The Lake With Two Names
By Jack Randolph

    We could see the white of gull wings flashing in the distance. As we approached more and more
birds joined the gathering. We could see them wheeling and diving and, despite the roar of the
outboard, my imagination furnished the sound effects - the excited cries of the feeding birds.
    A quarter mile away I throttled down, fearful that the motor noise would put the fish down. We
hadn't actually seen them breaking water, but the tell-tale antics of the birds told us that there must
be surface action below.
    As we came closer we could see the surface churning below frantic shoals of gizzard shad that
spread across the surface in silvery sheets. I cut the outboard and flipped the electric motor into
position. As we neared casting range I snapped a Bomber Speed Shad onto the line. My daughter,
Christy, having never witnessed feeding stripers before, watched in wide eyed amazement.
    A striper clobbered the silver plug as soon as it hit the water. I let him feel the full weight of the
light rod as I attempted to move it away from the feeding fish.  I didn't want its struggle to put down
the school.
    Characteristic of the breed, it took charge and steamed off on a determined run. I could tell it was
a good one, probably a ten pounder. It's funny, but I've taken thousands of stripers over the years,
most of them in salt water, and I have found stripers in the ten pound class to be the most active of
all. This one was no exception.
    I feared for the light hooks on the lure. They weren't built with striped bass in mind. Fortunately
they held and before long I had the fish to the boat. I noticed, during the battle, that another boat had
joined us. As I unhooked my bass I saw one of the anglers in the other boat hook a fish and I heard
him shout, "Doggone, I hooked a bass!" Sure enough, in the middle of all those stripers he found a
fat, five pound largemouth.
    The hooks on my bait were bent, so I snapped on another and took off in pursuit of the feeding
school. We landed one more fish before full dark when we had to call it quits.
     "I never saw anything like that before in my life!" said Christy as we arrived at the ramp, "Do they
do that all the time?"
    "No, not all the time," I replied. "I wish they did."
    "Wow! I see why you drive all the way down here now, said Christy. "The next time you come,
remember, I want to come, too."
    We were fishing Buggs Island Lake, a 50,000 acre impoundment on the Virginia - North Carolina
line. Claimed by both states, this big reservoir is known nationwide for its striped bass and
largemouth bass fishing.
    Virginians recognize this big reservoir as Buggs Island Lake, named for a tiny island that exists
below the dam. The dam itself is named the John H. Kerr Dam in honor of a Senator from North
Carolina who played a major role in encouraging the Corps of Engineers to construct the reservoir.
Quite naturally, Tarheels call the reservoir "Kerr Reservoir" or "Kerr Lake" which they pronounce
    The reservoir was completed in 1952 to serve as a flood control and hydroelectric impoundment,
backing up the Roanoke River.
    The Roanoke, incidentally, was once a major spawning river for striped bass. In fact, it still is in its
lower reaches. After Kerr Darn was built stripers were stocked in the reservoir. It was later
discovered that they were spawning naturally in the two rivers, the Staunton and the Dan, that feed
into the lake.
    It's fitting that the Staunton, a river that feeds into a lake with two names, also has two names.
This river is actually a reach of the Roanoke River, but it is the Staunton upstream to Leesville
Reservoir and Smith Mountain Lake. Above Smith Mountain Lake it becomes the Roanoke again.
    Ten years passed from the time the reservoir was built until it began to figure prominently as a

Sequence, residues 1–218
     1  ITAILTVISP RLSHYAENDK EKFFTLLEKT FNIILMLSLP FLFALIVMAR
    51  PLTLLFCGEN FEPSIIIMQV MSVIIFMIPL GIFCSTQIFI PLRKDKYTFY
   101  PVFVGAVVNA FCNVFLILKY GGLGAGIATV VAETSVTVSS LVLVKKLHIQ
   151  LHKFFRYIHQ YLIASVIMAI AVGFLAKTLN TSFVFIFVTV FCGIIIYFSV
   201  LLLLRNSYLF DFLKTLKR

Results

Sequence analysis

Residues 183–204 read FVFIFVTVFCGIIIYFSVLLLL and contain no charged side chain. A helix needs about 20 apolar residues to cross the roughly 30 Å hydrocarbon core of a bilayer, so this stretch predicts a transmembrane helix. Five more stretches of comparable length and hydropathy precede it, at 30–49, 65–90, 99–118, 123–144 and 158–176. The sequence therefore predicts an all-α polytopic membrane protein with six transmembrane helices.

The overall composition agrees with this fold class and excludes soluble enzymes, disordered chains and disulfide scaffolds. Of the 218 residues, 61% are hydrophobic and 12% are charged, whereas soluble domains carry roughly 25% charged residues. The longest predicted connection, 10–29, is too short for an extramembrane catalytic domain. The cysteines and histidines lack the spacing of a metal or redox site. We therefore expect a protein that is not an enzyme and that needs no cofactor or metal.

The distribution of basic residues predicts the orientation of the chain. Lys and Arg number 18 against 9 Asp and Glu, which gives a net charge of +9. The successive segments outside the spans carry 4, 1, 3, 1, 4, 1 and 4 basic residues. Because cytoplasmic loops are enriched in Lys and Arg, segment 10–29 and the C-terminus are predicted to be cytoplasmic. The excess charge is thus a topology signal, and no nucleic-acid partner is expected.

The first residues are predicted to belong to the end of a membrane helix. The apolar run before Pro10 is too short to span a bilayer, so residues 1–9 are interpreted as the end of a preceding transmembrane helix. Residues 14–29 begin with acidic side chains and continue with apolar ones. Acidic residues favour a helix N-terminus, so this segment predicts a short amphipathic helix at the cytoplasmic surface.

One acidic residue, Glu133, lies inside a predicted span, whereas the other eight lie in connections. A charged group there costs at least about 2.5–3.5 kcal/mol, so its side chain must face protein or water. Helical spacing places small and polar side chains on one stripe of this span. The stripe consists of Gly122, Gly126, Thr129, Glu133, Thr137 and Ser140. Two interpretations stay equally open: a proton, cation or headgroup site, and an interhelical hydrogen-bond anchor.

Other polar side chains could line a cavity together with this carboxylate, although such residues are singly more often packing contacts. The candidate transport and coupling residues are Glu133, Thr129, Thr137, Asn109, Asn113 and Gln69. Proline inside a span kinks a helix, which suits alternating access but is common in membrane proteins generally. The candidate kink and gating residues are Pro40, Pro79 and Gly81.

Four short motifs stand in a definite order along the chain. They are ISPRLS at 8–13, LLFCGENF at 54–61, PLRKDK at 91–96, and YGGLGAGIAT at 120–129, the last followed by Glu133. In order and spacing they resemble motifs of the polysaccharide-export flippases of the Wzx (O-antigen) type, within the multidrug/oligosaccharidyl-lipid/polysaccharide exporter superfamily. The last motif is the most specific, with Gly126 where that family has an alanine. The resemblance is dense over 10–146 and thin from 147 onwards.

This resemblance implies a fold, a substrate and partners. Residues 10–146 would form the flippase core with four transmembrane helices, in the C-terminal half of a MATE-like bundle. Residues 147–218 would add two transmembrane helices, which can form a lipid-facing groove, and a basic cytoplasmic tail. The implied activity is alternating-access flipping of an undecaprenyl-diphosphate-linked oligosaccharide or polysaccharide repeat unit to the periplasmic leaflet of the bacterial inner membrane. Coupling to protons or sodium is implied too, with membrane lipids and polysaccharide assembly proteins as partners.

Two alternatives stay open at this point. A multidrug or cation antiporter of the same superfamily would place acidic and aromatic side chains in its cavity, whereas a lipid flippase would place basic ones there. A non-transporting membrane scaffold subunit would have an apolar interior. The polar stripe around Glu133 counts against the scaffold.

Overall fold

striped bass lake. In 1963, the first year of the Virginia Game Commission's fish citation program,
Buggs Island did not contribute one striper over 10 pounds. However, it was off and running in 1964
with 19 citation stripers.
    The season of 1974 was the best in the lake's history. By then the minimum citation weight for
stripers was increased to 15 pounds and Buggs Island produced 156 of them. After the '74 peak the
take of citation stripers dropped off considerably, hitting a low of four in 1979. Since then the catch
of citation stripers has been on the up swing, averaging between 60 and 70 in recent years. Overall,
Buggs Island ranks third or fourth among Virginia's striper lakes, behind Smith Mountain Lake, Lake
Gaston and, in some years, Lake Anna.
    Actually, Buggs Island's striper catch is probably better than it appears on paper. Compared to
Smith Mountain Lake, where from 400 to 700 citation stripers are registered annually, Buggs Island
is a rural lake. When an angler catches a citation fish he really has to go out of his way to register it.
On Smith Mountain Lake there are numerous places to register a citation fish. The same is true at
Lake Gaston. Many of the citation catches are made immediately below Kerr Dam where there are
several weigh stations located near-by.
    Despite the relatively low number of citation stripers recorded in the lake, anglers continue to
make excellent catches of nice fish. It's not unusual to hear reports of acres and acres of stripers
feeding on the surface.
    Over the years that the Game Commission has awarded citations for large fish, July appears to be
the best month for catching big stripers at Buggs Island. The fishing is relatively slow in January and
February,  picking up in March. April, May, June and July are the prime months for taking stripers
here. September is the poorest month and October is also slow, but November and December are
    In January and February stripers are generally relatively deep and are taken jigging slab spoons,
such as the Shorty 75 Hopkins and the Bagley Salty Dog. Some are taken on cut shad or whole live
shad fished on the bottom.
    Trolling picks up in March, although many are taken jigging. Some trollers use downriggers to get
their lures down 25 or 30 feet to the fish. Bucktails and such spoons as the Hopkins, Accetta and
Drone are good. A few fishermen use planers such as the Luhr Jensen Pink Lady to carry their lures
    In April most of the stripers start their upstream spawning run, moving to the upper end of the lake
to enter the Staunton and Dan Rivers. As the fish surge up the rivers large numbers of anglers turn